What’s even better is that Gideon, Ally of Zendikar has an ultimate that you can use right away unlike Elsepth. This makes Lingering Souls a true beating. 5 mana for 8 power and toughness in the air can and will close out any game fast. Even if you have a Gideon Jura you need to cast next turn, you can emblem your current Gideon then play your Gideon Jura and start upticking him without losing having to lose your previous Planeswalker. Francesco’s deck seems to have come to a great balance. It’s capable of doing a lot, but consistently and cohesively. It has cards that will gain you life, Planeswalkers that continuously put tokens onto the battlefield, and the ability to slow the pace by playing defensively or turn the corner by pressuring with a respectable clock from various angles between main and side. These tokens, for instance, will buy you time until you can take over the game or just kill your opponent by making an army of tokens. Unlike traditional control decks, this one is extremely proactive and aggressive.
If you look closely you’ll notice, we have zero counter spells in the main deck. This makes the deck never miss a beat by having to hold up countermagic. You’d think it would be weak to combo decks, but it’s not. Six 1 mana discard spells are a great way to make your combo opponent stumble. You can even finish off their hand by making them discard two cards with Esper Charm. You can then flashback Esper Charm with Snapcaster Mage or even set it up with Narset Transcendent. This will force your opponent to play out their hand or risk having to discard it with the rebound ability. Even if they do play out their hand to play around the discard, you can then just opt to draw two cards instead when Esper Charm is rebounded. This can be crippling to many decks, especially those that mostly play at Sorcery speed. Narset is a huge reason to not play cards like Mana Leak since they don’t play well with her minus two ability. Every other spell works fine to game breaking.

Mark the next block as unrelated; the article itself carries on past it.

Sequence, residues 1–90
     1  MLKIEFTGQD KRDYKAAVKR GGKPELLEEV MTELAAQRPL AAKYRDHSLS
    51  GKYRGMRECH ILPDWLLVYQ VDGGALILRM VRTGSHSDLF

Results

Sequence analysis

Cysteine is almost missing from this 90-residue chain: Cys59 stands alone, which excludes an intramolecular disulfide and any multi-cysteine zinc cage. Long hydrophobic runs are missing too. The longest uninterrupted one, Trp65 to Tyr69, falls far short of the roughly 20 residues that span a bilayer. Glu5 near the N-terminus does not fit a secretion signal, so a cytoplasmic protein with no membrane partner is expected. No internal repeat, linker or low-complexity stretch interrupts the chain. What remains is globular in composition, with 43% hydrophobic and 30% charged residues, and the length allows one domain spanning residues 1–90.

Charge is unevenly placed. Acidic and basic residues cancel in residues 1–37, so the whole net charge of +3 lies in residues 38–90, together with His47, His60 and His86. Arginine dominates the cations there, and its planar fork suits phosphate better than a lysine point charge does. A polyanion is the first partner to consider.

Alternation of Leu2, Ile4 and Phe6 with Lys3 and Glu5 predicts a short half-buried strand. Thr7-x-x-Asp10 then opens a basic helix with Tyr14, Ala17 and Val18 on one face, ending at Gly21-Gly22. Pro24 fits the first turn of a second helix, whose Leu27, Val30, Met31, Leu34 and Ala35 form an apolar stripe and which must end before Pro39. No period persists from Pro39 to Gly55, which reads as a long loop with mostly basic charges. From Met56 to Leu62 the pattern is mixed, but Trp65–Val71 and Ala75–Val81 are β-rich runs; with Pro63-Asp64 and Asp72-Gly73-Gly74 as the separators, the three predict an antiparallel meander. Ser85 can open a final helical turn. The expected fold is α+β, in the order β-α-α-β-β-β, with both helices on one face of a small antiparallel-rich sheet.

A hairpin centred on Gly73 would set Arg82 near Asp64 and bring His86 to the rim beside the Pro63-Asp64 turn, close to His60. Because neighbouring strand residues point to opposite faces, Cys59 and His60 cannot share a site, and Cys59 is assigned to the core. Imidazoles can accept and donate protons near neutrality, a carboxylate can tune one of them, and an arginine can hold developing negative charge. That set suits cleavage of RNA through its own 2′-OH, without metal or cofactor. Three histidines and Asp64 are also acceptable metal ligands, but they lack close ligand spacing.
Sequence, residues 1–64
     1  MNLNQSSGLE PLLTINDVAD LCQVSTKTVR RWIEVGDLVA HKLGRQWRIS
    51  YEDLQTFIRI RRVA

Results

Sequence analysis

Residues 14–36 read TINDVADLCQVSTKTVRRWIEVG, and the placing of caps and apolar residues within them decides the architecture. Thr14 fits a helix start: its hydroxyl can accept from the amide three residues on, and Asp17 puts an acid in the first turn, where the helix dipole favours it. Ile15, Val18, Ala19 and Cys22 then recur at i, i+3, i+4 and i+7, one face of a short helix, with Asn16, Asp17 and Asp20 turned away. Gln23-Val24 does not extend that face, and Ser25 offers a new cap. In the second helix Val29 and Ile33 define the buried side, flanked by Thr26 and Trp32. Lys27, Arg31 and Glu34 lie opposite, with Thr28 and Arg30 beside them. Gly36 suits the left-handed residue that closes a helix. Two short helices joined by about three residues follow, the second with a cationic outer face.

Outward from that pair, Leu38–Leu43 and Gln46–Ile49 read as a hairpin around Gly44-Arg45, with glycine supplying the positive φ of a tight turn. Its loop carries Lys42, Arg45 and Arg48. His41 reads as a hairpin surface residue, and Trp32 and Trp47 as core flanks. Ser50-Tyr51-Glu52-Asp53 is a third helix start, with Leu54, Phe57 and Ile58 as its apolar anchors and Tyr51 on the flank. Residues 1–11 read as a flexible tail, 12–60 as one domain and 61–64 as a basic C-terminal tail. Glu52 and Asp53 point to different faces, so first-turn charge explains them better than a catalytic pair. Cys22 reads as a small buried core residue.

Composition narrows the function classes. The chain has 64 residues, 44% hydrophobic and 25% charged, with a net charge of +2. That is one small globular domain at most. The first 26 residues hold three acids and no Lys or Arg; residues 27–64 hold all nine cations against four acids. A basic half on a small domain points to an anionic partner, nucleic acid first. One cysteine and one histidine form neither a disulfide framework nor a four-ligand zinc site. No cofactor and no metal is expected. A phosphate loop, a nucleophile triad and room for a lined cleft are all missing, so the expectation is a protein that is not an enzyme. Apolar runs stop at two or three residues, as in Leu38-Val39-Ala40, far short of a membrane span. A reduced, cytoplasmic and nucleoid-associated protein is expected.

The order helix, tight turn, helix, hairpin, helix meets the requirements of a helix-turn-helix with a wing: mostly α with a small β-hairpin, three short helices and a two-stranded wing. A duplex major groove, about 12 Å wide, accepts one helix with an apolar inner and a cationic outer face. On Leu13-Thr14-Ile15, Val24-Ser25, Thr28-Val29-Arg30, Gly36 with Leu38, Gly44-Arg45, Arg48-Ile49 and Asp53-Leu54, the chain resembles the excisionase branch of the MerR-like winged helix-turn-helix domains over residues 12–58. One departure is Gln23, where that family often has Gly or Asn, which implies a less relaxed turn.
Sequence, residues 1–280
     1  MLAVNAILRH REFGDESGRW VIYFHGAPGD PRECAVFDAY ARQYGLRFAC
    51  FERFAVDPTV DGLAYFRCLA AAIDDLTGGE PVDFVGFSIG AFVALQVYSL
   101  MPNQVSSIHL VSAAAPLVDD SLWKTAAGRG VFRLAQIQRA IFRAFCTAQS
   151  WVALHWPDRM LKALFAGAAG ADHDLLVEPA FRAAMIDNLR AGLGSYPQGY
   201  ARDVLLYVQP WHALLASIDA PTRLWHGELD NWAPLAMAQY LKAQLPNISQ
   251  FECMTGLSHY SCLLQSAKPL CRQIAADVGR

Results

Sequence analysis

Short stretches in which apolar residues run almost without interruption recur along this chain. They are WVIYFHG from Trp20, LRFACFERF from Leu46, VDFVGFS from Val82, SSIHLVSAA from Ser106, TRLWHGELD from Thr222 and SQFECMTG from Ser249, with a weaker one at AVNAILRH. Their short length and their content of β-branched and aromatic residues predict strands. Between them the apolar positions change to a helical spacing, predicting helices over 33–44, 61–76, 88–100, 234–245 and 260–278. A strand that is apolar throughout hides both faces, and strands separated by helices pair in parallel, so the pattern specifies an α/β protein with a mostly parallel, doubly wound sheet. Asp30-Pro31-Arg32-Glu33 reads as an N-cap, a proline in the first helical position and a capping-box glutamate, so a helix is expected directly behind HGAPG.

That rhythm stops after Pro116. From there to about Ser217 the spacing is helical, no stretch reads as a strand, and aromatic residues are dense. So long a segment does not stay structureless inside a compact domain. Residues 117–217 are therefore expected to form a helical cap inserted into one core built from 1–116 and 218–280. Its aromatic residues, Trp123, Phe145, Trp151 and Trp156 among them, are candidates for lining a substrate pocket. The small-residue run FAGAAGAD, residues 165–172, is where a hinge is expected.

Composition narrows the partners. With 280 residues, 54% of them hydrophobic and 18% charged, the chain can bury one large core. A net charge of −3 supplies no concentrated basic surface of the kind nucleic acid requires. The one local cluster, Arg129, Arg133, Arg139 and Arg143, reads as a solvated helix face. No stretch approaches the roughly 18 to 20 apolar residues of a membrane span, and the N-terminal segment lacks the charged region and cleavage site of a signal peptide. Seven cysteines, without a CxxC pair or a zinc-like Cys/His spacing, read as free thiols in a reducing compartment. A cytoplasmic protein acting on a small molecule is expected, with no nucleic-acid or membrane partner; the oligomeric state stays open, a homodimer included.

The deck obviously has many hours put into it, you can tell this by just looking at the deck and the numbers that were chosen. That being said, let’s ask Francesco a few questions on the deck.
I see you’re not running any Rest in Peace. Are the Surgical Extractions and Extirpate just better since you can bring them in against other matchups?
Indeed. They’re a core element of this deck’s design and gameplan, especially to capitalize on our disruption plan. It’s how we often navigate against Combo/Control decks, including Tron. We level the playing field by stripping away their best cards that either position them to win or generate value. We also want less cards susceptible to removal, which is why you don’t see Stony Silence either, but always an option if you’re inclined.
Deck looks great and I see that you’re trying to be proactive, but have you considered a card like Liliana, the Last Hope? You can protect her well and re-buying Snapcaster Mages seems decent if the game goes long.
I haven’t considered her actually as I even opted away from playing Liliana of the Veil, but the Last Hope seems interesting. It may be worth testing. Thanks! I also appreciate the compliment. It’s the most passion and work I’ve ever dedicated to a deck. It’s been a grueling process, but very gratifying, especially seeing the feedback from other players playing it.